The tea tree is a small tree with the scientific name of “Maleleuca alternifolia”. A plant belonging to the Myrtaceae family, the tea tree is native to Australia (North). It can also be found in warmer parts of North America. Its delicate and dense foliage make it a great subject for growing as a bonsai in China, and the plant is very ornamental.
In the wild, the plant grows in marshes, swamps, along bodies of water, on clay and sandy soil that gets abundant rain. It’s also cultivated in many countries across the planet, like Zimbabwe and New Zealand.
It has long been used as a disinfectant and an antiseptic to care for skin. The years following World War II is when its use for therapeutic purposes really took off. Thanks to its therapeutic properties, it is effective in treating many cutaneous infections.
What are the therapeutic benefits of tea tree? What are the benefits for health? How can these medicinal properties be maximized? Are there any contraindications? Let’s have a look around…
Tea tree, a short story
There are a number of different tea tree varieties. Over 150 tree and shrub species are classified as tea trees. Cajeput (Melaleuca cajeputii) and Niaouli (Melaleuca quincuenervia) are two examples.
It’s often thought to be the actual “tea” plant, from which tea leaves (think English expertise on the topic) are harvested, but it’s not. It’s actually much closer genetically to common myrtle. What is special about this plant is the care it requires.
Indeed, ensuring that it stays cool with lots of moisture, especially during the night, is essential. Place it in a luminous room, but without any contact with the rays of the sun. This will ensure it stays in full vegetative activity.
The tea tree requires a lot of attention. Water it as soon as the leaves start drooping down slightly, or whenever the substrate is dry to the touch. It easily launches buds out in the back, and the many young stems it keeps sending out make it a plant that you can shape quite readily. This energetic phase will last during the entire vegetation period.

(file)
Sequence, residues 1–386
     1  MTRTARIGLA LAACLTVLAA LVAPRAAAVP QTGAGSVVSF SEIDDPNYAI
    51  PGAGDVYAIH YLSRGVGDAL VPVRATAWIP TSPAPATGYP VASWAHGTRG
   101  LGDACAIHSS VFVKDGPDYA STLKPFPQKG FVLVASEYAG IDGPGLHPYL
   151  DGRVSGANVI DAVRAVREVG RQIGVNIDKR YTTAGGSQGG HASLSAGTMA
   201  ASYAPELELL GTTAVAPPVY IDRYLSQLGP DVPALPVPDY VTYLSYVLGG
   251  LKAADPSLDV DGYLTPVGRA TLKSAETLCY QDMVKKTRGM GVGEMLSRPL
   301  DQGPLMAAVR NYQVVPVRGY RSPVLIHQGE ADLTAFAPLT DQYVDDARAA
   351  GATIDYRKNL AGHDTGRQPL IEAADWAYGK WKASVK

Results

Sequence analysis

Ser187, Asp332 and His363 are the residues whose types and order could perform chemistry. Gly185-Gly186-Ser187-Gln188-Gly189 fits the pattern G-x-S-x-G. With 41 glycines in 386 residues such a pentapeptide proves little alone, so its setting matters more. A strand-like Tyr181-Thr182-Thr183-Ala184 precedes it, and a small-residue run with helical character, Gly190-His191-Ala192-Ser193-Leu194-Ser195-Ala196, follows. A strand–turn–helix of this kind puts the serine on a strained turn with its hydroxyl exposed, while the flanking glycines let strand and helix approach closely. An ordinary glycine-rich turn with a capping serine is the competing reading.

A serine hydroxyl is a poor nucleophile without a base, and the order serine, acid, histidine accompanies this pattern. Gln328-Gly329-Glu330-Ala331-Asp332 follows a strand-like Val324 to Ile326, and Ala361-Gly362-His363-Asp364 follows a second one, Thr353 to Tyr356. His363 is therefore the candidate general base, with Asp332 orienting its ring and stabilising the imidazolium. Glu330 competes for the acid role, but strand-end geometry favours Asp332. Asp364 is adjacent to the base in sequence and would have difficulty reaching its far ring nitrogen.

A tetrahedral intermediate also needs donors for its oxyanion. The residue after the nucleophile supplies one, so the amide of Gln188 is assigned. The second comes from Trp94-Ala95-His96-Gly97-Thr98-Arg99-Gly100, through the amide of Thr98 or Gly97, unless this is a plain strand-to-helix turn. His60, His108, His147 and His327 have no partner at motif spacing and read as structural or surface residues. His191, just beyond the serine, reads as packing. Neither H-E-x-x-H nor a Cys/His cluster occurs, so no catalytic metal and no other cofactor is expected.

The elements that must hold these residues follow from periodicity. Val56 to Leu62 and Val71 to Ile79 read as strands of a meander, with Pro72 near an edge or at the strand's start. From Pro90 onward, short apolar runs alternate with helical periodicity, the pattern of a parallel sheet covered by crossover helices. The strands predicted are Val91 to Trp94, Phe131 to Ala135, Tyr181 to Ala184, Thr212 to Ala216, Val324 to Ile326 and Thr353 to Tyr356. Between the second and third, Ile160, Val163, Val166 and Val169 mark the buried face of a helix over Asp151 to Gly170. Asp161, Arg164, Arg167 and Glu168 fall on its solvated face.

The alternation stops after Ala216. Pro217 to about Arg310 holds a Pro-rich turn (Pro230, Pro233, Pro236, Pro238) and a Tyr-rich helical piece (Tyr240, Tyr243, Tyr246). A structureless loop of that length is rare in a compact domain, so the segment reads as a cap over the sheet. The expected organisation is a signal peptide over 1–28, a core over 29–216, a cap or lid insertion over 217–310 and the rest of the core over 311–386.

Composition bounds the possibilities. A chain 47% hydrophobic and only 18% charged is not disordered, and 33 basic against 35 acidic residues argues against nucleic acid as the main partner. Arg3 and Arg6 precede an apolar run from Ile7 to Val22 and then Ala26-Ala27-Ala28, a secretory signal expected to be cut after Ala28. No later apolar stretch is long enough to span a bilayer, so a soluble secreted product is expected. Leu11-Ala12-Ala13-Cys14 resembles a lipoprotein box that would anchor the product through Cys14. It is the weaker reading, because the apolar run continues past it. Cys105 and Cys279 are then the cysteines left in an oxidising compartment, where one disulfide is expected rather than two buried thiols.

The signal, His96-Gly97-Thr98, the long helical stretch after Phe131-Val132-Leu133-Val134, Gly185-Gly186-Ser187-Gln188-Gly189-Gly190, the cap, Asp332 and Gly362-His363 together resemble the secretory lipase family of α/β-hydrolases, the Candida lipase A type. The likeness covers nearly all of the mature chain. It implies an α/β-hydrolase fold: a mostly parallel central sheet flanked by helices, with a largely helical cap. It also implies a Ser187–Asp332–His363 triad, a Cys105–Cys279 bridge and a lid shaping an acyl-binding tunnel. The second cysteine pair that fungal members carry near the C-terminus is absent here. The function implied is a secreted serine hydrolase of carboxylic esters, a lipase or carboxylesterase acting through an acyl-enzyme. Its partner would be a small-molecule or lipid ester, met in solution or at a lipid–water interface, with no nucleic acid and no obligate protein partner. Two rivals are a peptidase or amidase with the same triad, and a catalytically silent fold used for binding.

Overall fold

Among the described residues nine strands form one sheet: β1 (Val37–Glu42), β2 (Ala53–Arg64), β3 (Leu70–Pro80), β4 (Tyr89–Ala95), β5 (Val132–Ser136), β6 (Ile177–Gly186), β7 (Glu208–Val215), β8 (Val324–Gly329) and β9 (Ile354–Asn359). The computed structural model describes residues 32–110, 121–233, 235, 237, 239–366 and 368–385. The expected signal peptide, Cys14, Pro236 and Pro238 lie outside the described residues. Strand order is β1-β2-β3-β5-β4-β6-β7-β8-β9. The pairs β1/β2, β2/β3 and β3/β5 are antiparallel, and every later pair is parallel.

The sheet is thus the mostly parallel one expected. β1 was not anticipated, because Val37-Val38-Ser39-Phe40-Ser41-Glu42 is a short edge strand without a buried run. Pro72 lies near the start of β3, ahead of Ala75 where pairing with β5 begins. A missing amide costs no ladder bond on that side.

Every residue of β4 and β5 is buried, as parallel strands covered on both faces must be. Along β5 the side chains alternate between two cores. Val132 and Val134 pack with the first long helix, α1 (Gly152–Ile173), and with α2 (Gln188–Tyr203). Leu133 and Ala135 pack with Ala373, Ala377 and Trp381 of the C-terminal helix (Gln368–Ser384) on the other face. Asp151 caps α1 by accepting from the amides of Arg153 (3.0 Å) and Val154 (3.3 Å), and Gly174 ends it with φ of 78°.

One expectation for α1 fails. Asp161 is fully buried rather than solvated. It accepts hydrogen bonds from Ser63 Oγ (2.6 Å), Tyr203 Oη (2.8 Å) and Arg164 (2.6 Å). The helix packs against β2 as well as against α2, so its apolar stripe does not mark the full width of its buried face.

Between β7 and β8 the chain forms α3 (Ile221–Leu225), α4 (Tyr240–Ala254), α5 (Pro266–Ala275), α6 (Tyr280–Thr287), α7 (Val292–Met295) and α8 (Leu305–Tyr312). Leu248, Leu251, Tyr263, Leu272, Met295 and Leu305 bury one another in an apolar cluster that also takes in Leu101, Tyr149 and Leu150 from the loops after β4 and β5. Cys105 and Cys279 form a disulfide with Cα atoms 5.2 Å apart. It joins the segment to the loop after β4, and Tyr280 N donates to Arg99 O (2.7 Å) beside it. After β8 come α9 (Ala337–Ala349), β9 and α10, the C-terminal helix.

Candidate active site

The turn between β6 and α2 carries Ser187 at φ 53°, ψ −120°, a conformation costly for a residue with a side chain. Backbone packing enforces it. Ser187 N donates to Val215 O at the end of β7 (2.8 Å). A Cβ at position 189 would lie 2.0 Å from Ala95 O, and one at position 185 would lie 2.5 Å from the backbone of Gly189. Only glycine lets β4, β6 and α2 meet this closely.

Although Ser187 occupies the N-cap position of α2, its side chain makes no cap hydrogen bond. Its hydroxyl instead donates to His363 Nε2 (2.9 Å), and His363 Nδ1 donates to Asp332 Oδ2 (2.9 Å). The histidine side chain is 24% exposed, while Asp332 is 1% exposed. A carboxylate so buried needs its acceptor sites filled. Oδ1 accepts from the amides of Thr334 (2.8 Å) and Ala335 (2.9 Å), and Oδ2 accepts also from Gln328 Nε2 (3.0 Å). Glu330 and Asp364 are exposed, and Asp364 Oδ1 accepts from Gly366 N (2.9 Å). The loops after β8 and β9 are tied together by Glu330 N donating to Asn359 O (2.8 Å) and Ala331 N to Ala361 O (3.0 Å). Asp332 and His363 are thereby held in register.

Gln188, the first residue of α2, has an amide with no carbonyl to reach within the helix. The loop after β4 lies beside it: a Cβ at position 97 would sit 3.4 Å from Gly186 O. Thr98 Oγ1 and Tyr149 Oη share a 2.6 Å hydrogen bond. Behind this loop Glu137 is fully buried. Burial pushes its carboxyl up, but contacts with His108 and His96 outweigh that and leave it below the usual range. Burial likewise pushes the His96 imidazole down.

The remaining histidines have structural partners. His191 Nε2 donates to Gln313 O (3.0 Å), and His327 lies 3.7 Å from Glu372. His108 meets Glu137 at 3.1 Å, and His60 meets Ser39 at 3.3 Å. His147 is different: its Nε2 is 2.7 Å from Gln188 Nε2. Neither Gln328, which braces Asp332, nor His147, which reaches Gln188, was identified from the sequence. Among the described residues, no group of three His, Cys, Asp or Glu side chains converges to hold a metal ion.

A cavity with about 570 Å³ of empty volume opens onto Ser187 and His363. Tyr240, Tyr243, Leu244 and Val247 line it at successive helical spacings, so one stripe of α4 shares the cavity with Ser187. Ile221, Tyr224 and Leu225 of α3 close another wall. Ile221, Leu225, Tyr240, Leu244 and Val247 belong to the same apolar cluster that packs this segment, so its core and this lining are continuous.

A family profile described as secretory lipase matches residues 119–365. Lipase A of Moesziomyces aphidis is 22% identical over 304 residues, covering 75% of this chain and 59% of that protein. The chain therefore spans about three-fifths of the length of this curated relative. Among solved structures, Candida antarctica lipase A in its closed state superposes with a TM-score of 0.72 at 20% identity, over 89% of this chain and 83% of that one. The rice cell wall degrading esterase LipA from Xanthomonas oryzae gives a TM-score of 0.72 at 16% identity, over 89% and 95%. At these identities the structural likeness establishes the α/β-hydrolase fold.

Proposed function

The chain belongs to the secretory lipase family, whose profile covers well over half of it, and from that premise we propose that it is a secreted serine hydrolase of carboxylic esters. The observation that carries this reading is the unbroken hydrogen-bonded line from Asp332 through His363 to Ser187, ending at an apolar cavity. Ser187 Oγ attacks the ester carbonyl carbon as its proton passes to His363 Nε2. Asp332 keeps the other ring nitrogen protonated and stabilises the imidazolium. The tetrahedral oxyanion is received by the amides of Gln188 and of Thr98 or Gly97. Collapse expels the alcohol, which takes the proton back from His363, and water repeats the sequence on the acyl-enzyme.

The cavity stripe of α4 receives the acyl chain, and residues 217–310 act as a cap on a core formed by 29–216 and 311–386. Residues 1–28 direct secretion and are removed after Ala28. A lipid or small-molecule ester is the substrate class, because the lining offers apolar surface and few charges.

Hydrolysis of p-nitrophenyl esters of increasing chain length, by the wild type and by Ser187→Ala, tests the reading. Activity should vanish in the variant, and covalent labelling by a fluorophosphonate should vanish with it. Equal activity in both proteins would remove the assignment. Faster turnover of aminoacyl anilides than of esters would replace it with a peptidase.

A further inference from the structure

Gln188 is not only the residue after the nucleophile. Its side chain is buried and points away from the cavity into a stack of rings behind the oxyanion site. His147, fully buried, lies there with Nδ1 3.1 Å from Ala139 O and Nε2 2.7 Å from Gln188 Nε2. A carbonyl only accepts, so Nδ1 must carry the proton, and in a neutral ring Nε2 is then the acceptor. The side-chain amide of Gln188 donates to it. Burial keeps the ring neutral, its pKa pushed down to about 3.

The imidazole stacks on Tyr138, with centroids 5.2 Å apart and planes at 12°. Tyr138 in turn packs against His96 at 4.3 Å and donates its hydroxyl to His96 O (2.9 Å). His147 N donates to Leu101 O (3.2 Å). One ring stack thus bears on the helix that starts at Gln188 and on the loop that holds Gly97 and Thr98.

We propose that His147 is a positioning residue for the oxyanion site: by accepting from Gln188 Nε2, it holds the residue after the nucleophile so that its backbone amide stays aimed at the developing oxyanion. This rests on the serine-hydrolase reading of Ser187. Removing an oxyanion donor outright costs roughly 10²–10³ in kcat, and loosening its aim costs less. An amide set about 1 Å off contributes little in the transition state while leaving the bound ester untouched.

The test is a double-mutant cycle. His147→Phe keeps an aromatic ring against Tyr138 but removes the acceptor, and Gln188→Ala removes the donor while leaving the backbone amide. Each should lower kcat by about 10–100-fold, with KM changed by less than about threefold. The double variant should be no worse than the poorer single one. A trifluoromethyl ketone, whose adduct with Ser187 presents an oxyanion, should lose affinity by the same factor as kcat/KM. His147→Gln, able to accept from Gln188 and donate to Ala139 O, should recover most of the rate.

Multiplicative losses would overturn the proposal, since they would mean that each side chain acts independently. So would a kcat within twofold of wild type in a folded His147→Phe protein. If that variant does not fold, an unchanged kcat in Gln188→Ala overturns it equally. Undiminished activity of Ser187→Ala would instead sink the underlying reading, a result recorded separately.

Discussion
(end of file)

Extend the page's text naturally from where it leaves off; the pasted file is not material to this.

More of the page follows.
Tea tree leaves, though not destined for teapots, are nonetheless extremely valuable: from them essential oil is extracted. This clear, colorless liquid smells both fresh and woody.
Tea tree is used in a wide array of cosmetics (ointments, creams, soaps, shampoo…) and also in organic food. It’s actually grown on an industrial scale now.
Tea tree health benefits and therapeutic value
Thanks to its main biochemical compounds (gamma-terpinene and terpinene-4-ol), the tea tree is prescribed to treat skin lesions, especially foot mycosis, dermatitis, ringworm and psoriasis. A very effective antibacterial, anti-fungus and major anti-infectious, it has also been proven to succeed curing acne, furunculosis, warts, dandruff and even lice.
Additionally, it reinforces the body’s immune system, soothes burn wounds, sunburns and insect bites. It contributes to overall mouth hygiene, fighting against periodontium diseases while restoring teeth’s healthy whiteness.
Its essential oil is a venous and lymphatic decongestant, an anti-inflammatory, antiparasitic and antiviral agent. Its benefits have been demonstrated in helping stave off temporary tiredness and is successful against mites and ticks.
Experts have also discovered therapeutic benefits in treating vaginal infections.
Smart tip about the tea tree
To cure cutaneous infections (foot mycosis, athlete’s foot, infections under the nails…), experts recommend mixing 2 drops tea tree oil and 1 drop lavender oil into 1 teaspoon olive oil. Apply on the infected areas with a wad of cotton several times a day.
To avoid any possible allergic reactions, it is mandatory to dilute the tea tree oil. Never use it directly in its concentrated form. Avoid sensitive spots of the body (eyes, nose, mouth and genitals) and never ingest it. In those cases, consult a doctor.